Midge Mackenzie

Maverick campaigning film-maker
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The Independent Online

Marguerite Ruby Anne Mackenzie, film-maker: born London 6 March 1938; married Peter Henry (marriage dissolved), (one son deceased, with Frank Cvitanovich); died London 28 January 2004.

When the new wave of feminism was gathering speed in the 1960s, a photograph of a defiant Midge Mackenzie being removed from South Africa House by two policemen, each holding an arm and a leg, appeared on the front page of The Guardian newspaper.

Mackenzie was a born campaigner, with a serious commitment to human rights. She spent most of her life fighting, most often other people's battles. Anti-war and anti-apartheid, she fought on issues including planned parenthood and women's rights, and was active in the trade-union movement.

But, although throwing eggs at Bob Hope at the Miss World contest in 1970 might have been more fun than sitting in an editing room, Midge Mackenzie soon realised that direct action was not as persuasive a propaganda tool as the medium of film and television, and it is as a campaigning film-maker that she will be remembered.

Mackenzie looked the prototype feisty red-headed Irishwoman, but was born in London of an Anglo-Scottish family at the beginning of the Second World War. Her great-grandfather was a 6ft 4in Highlander from the Isle of Skye. She was soon evacuated to the safety of her aunts in Dublin, where she lived her formative years.

Educated in London and Dublin, she returned to the Bohemian finishing school of Fifties Soho, where she met poets, artists and a parade of theatricals. The film industry, then as now, had a voracious appetite for highly skilled technicians who would obediently practise arcane crafts under the baton of directors and producers, sometimes with scant knowledge of the end-product. This was anathema to the young Midge Mackenzie, bursting with vitality and curiosity. This toing and froing from Dublin became a template for a peripatetic future, leading separate lives in the United States and Europe, making films wherever the action and the funding was.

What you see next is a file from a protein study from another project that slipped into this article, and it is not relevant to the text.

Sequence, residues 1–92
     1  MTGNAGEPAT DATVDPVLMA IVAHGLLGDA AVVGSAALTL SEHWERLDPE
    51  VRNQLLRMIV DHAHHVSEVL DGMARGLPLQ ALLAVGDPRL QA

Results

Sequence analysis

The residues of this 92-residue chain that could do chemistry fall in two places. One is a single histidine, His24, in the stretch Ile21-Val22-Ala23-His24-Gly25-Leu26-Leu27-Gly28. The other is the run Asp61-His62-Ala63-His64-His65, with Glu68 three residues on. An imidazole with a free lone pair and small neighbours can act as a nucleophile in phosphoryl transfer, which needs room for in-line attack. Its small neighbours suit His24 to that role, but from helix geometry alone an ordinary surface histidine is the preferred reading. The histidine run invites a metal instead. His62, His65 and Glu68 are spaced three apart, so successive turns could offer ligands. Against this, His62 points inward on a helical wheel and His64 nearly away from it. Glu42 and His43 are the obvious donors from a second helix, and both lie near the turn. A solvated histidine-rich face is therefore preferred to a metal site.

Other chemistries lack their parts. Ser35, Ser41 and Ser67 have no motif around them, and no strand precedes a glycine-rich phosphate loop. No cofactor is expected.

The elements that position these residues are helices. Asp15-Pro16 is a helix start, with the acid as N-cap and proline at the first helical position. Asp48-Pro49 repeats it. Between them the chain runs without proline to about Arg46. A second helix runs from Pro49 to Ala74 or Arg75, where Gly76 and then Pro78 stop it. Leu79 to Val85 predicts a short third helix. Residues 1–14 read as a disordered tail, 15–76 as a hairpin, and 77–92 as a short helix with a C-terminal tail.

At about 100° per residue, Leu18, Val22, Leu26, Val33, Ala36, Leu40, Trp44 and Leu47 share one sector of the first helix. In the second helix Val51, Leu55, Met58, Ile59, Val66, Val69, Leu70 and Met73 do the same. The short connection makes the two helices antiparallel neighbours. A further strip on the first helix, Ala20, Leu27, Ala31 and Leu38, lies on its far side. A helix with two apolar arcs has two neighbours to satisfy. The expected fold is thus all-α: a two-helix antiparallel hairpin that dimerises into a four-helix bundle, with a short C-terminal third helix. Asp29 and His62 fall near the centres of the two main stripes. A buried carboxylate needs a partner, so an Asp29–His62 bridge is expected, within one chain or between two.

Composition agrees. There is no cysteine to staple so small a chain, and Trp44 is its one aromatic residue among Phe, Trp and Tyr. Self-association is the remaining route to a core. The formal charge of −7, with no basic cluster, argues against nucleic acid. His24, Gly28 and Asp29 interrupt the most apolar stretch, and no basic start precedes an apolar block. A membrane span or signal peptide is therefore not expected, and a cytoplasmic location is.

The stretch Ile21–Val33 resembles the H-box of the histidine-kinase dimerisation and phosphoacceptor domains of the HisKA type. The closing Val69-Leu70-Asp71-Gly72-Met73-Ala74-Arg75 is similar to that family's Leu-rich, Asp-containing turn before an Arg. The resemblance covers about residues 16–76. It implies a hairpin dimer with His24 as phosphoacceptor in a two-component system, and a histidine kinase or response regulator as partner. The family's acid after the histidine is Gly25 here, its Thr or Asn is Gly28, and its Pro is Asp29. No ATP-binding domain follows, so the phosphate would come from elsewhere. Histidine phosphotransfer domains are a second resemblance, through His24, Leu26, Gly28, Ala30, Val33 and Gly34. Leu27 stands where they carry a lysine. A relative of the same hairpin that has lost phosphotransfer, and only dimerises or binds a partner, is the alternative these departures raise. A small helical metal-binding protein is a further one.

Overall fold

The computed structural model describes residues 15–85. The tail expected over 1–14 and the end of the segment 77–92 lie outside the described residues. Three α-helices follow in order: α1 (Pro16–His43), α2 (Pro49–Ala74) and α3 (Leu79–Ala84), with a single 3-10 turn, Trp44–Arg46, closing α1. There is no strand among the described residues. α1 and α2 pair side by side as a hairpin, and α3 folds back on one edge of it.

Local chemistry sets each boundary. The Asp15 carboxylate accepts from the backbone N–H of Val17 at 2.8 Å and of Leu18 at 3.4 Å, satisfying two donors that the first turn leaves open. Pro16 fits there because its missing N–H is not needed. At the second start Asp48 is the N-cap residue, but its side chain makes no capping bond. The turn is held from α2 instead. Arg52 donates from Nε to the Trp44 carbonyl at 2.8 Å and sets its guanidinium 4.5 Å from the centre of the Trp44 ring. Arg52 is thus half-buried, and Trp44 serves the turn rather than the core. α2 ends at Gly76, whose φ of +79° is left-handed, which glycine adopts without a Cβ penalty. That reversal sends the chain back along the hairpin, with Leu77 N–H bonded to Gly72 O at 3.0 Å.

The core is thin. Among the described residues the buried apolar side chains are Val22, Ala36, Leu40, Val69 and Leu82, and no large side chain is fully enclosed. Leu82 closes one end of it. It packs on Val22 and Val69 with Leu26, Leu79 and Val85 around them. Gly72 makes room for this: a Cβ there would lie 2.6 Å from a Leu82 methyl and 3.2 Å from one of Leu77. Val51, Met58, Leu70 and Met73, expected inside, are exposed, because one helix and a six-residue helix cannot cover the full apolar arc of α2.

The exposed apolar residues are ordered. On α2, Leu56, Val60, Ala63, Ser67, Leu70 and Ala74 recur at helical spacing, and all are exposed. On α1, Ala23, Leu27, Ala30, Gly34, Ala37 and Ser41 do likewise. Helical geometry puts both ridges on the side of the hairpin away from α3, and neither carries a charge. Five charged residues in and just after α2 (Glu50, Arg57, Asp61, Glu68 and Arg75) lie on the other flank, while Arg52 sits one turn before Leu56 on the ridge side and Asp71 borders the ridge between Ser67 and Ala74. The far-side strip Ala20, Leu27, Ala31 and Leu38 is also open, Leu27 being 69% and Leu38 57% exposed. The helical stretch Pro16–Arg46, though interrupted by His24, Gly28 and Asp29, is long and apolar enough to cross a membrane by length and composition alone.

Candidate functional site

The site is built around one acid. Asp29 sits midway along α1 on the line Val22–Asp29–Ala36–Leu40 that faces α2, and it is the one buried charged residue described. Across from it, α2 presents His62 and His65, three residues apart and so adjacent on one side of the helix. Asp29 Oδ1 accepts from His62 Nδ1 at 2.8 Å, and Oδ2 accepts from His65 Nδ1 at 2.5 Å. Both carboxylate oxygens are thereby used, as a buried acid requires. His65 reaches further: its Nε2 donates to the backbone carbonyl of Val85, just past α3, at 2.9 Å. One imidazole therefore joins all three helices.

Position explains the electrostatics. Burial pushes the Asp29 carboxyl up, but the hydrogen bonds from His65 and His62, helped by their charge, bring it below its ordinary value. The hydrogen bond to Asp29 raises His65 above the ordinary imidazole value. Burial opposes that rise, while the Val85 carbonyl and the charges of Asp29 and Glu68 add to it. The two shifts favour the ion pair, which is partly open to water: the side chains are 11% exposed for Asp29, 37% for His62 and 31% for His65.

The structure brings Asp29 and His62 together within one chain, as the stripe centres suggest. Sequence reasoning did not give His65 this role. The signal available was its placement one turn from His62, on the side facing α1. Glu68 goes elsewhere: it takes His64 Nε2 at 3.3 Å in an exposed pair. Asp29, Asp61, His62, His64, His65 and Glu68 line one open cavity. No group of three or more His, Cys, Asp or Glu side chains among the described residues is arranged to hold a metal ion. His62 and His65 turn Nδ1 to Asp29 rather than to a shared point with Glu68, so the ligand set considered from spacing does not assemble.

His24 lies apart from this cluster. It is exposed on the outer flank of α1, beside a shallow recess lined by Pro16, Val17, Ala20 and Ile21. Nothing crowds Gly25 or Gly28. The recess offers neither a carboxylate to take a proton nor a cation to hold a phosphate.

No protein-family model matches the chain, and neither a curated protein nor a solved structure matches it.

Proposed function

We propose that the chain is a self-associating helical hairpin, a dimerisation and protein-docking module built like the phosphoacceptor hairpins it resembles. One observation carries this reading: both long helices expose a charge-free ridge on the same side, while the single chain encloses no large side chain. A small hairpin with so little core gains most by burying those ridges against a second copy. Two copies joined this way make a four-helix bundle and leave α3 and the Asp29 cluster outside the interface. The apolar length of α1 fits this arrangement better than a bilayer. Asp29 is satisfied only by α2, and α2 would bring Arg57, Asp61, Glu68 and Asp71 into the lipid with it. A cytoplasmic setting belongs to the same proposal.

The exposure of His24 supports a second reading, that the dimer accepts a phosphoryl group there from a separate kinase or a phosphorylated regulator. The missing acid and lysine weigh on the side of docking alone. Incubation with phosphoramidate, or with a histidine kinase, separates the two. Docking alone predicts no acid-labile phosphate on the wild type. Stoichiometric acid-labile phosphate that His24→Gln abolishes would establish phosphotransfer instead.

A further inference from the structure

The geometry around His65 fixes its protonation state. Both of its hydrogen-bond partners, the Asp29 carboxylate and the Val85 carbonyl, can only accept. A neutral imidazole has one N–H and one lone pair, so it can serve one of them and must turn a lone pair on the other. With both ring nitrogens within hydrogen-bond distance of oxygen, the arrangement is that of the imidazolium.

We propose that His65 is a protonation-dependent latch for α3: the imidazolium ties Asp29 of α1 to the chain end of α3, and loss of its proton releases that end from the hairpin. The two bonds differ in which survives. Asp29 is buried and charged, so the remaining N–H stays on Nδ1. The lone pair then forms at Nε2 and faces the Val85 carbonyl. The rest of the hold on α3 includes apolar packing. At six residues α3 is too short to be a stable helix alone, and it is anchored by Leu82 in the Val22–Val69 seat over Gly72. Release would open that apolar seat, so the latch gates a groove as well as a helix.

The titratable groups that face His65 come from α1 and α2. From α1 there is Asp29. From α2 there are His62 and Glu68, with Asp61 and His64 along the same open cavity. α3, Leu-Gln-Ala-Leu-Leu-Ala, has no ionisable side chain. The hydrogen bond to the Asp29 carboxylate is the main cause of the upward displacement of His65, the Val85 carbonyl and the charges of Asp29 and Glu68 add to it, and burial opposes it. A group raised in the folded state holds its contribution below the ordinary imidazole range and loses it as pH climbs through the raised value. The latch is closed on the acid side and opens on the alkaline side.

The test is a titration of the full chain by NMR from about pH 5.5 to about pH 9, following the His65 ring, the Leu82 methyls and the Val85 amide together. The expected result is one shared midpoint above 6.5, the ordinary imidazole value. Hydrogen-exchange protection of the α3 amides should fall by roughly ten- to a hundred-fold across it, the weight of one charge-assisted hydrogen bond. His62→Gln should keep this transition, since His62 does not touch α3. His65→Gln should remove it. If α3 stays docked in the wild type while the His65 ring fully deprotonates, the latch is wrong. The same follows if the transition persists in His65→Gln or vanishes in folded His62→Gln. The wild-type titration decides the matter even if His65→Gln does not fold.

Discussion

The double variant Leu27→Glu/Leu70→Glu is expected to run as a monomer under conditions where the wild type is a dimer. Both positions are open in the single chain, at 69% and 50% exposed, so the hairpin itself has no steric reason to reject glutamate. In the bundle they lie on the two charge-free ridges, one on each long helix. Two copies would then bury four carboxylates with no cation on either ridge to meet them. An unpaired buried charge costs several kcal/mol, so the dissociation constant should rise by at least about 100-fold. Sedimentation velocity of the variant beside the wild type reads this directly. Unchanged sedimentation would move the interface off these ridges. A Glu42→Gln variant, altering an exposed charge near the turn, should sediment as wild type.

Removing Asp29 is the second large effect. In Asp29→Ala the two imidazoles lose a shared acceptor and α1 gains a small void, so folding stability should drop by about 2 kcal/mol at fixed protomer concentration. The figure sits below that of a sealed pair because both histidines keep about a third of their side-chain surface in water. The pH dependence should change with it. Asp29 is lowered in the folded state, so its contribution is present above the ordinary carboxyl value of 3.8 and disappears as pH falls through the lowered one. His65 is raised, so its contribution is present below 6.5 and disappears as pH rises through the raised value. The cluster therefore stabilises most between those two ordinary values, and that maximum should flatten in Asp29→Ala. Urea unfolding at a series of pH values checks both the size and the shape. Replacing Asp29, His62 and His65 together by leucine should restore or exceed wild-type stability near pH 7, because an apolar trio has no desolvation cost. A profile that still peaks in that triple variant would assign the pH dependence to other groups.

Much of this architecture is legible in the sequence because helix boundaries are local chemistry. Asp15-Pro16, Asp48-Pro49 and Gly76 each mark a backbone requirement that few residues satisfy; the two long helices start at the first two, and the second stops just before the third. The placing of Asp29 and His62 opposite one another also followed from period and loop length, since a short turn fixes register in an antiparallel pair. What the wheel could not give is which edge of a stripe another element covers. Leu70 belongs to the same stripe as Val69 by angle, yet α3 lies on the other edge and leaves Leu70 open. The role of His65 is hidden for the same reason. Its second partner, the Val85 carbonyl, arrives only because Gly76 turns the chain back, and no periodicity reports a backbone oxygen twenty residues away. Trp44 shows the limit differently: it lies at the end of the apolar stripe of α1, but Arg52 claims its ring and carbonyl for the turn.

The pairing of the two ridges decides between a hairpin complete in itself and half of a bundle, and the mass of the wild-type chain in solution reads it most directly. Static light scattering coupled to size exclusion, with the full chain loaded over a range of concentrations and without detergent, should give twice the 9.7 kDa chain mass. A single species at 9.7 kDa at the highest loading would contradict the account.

In the middle of the Sixties, under the aegis of the BBC, she made a film series on the arts scene in New York. Feeling constrained by corporation bureaucracy, the fledgling film-maker set up Mohawk Films in Old Compton Street, London, in 1967 with the documentary director Frank Cvitanovich. They set up home together too, Midge becoming pregnant soon after. Their son Bunny was born more than two months premature, and kept in isolation for months, so Midge, in a frenzy of displacement activity, accepted an offer from Joffrey Ballet in New York to direct Astarte. This was to become the first live, multi-media production of its kind, considered groundbreaking even by today's standards.

Meanwhile, Great Ormond Street said there was little they could do for Midge and Frank's brain-damaged son. Glen Doman, who ran a clinic in Philadelphia, said otherwise. He put Bunny on a labour- intensive programme called "Patterning" that taught the remaining undamaged brain to function, with the help of a rota of 40 locally recruited volunteers. While Bunny developed, Midge and Frank made a film portrait of his astonishing progress. The prime-time screening of Bunny (1972) by Thames TV provoked a significant response from parents and the medical community, benefiting similar children across Britain.